The problem with presence

 A painting from a class I took at  Root Division  in San Francisco in January 2017. I started the painting, then we passed it around the table and each person added their own touch. I think it was  Daniel  who added the black circles—I have a dim memory of watching him trace them with care.

A painting from a class I took at Root Division in San Francisco in January 2017. I started the painting, then we passed it around the table and each person added their own touch. I think it was Daniel who added the black circles—I have a dim memory of watching him trace them with care.

Yesterday, I raced to the finish line of Laura Vanderkam’s latest book on time management, Off the Clock. It felt like wholesome candy to me: easy to read and packed with evergreen ideas expressed sensibly, plus a few surprises.

For me, the biggest surprise was Vanderkam’s introduction of three selves: the experiencing self, the anticipating self, and the remembering self. In her view, the anticipating and the remembering selves are aligned with each other, but they’re both at odds with the experiencing self. “Bliss is possible in the past and in the future,” she writes, “but seldom in the present.” What! This is news! But the more I thought it over, the more sense it made. Vanderkam points out that the experiencing self exists in a meat sack that’s constantly full of low-grade annoyance, physical pain, and preoccupation. The anticipating and remembering selves exist on another plane. “Creating more memories—and hence creating more time—requires privileging the anticipating and the remembering selves above the experiencing self in ways that require serious self-discipline,” she writes; “If my anticipating self wanted to do something, my remembering self will be glad to have done it. Indeed, my experiencing self may even enjoy parts of it. I am tired now, but I will always be tired, and we draw energy from meaningful things.”

I am tired now, but I will always be tired. This was shocking to me. I think some part of me believed that one day, I would catch up on life and catch up on sleep and be done with exhaustion.

But I can see that it’s true. The painting that leads off this post came out of a class I took at the start of 2017, during a ridiculously busy time at work. I remember showing up and feeling listless, spent, barely able to hold a conversation with my friend Daniel, who’d signed up for the whole series with me. I missed one and possibly two of the six sessions, and was generally left with a feeling of disappointment that painting didn’t somehow become a new hobby. In fact, I haven’t painted since.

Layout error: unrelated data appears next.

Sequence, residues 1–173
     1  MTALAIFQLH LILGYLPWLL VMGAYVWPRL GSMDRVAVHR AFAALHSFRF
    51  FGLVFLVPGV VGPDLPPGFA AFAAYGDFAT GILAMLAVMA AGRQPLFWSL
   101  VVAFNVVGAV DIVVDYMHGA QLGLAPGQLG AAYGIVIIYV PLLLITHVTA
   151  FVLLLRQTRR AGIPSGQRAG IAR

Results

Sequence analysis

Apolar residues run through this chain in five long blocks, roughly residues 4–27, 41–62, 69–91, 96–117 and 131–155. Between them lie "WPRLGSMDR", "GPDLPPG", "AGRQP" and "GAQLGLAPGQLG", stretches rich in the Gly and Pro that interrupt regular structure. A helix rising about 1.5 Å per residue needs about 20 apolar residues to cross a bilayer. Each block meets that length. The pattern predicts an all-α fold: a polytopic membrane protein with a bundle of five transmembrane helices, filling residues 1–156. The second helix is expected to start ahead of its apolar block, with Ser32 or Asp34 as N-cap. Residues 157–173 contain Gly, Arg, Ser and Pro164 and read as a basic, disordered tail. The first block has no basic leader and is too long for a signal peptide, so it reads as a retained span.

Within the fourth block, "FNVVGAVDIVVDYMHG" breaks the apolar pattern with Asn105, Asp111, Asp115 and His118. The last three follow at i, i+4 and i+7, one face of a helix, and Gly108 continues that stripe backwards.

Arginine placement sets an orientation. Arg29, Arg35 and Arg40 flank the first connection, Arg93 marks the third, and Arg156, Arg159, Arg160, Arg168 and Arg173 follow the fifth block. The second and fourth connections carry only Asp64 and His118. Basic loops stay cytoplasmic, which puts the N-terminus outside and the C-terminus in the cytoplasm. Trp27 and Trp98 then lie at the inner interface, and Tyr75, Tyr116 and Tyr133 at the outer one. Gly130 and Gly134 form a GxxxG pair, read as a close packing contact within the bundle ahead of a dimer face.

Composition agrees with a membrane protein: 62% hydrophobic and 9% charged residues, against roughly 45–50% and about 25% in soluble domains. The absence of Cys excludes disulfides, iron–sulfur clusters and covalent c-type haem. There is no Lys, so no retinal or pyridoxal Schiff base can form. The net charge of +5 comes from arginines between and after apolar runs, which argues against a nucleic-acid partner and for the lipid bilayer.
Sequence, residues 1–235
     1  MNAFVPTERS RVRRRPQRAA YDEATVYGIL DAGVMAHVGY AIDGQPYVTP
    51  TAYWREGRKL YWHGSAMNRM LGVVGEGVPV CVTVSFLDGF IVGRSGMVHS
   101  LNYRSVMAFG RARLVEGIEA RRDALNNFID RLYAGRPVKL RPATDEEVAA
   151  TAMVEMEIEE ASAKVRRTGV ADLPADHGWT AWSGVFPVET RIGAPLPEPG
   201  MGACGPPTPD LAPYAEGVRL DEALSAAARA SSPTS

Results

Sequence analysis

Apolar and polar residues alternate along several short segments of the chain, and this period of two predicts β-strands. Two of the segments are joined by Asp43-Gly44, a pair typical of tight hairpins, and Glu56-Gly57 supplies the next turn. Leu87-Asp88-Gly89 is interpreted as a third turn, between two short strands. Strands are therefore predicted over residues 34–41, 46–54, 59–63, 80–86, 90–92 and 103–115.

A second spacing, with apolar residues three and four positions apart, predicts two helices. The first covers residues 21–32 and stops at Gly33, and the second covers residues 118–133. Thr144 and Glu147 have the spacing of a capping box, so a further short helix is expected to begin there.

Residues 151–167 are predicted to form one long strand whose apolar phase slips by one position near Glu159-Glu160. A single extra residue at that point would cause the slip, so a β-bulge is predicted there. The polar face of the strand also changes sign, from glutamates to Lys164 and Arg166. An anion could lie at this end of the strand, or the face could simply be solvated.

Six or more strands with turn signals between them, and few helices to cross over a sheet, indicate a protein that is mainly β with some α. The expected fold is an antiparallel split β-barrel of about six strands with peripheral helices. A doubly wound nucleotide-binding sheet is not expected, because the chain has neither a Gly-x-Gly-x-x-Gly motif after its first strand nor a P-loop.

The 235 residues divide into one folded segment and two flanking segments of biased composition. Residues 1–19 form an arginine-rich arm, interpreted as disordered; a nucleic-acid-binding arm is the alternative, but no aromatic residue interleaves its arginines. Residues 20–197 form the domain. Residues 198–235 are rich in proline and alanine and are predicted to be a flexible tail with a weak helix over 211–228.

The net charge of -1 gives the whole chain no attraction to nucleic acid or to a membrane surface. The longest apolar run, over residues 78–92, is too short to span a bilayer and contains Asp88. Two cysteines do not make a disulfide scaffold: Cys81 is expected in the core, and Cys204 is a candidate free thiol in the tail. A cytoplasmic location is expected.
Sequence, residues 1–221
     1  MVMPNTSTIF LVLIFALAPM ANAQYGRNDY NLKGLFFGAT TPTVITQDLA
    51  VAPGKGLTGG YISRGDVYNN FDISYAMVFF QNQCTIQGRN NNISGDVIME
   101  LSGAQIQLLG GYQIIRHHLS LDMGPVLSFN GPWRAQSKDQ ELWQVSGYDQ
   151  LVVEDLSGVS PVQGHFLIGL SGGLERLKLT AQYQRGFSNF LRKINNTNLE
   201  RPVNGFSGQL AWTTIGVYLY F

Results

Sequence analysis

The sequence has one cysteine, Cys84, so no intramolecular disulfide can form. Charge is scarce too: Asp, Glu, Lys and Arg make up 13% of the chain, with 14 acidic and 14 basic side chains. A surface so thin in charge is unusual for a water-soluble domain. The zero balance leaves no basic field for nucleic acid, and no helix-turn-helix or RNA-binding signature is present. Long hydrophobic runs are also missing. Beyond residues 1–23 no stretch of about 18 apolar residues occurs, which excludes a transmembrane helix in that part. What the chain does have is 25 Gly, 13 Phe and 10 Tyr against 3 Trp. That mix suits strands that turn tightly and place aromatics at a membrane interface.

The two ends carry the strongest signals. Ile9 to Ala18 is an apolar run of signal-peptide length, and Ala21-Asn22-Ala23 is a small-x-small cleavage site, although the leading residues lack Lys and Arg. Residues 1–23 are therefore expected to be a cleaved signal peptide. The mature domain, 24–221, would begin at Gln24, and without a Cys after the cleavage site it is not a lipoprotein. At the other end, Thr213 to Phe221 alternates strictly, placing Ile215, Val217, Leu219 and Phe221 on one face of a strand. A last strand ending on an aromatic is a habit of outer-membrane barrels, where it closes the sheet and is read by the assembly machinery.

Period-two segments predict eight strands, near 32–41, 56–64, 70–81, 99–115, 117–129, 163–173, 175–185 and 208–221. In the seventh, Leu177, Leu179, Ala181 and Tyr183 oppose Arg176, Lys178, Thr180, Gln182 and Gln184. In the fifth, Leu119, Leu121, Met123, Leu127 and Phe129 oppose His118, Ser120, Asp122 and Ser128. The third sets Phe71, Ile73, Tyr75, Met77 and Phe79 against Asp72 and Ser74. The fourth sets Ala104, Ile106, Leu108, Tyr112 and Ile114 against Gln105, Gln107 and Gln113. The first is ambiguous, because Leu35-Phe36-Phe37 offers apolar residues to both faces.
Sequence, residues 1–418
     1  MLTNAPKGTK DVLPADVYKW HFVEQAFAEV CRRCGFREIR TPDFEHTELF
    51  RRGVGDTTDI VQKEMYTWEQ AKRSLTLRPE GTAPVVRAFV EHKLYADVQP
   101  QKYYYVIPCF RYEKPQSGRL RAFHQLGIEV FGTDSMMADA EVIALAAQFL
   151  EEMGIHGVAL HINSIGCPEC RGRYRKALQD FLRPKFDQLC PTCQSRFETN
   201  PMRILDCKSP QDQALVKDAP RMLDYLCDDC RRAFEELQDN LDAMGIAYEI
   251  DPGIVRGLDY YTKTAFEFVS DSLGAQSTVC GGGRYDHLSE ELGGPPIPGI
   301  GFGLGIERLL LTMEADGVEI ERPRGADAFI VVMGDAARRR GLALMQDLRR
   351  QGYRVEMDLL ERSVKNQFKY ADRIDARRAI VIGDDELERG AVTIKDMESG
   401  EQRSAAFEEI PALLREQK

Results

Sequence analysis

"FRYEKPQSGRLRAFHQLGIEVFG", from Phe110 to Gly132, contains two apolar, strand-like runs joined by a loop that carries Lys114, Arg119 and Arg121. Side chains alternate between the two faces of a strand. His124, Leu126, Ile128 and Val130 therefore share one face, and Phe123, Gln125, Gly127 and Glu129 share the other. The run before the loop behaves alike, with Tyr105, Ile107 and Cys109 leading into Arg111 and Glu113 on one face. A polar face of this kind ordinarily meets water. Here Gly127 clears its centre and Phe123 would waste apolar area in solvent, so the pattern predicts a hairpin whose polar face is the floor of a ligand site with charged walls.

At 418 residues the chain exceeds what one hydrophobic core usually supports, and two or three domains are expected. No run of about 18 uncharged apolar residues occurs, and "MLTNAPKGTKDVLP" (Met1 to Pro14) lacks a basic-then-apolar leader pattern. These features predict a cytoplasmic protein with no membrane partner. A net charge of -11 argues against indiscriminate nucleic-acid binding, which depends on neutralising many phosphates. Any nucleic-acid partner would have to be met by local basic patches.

Yet I remember those days in January 2017—the ones where we walked Quip’s old offices to the art studio in SOMA, once in driving rain—much more vividly than any other days from that January. More than most days in the first half of last year. Whatever I was desperately trying to stay on top of is now in the past, and all the time I spent trying to stay on top of it is, too. It’s the random, novel stuff I did while tired that’s lodged in my brain as marking that time.

This realization has the potential to profoundly change the way I spend my days. I think of myself as dwelling in the past and the future, and I’m always coaxing myself to be more present. The more present I try to be, the more I make comfort the most important thing in the world. But maybe, in all this comfort and familiarity, I’m actually depriving my ravenous past and future selves from the hope and memories they crave. I’m going to take this mindset into today and see where it takes me.

Diana BerlinReading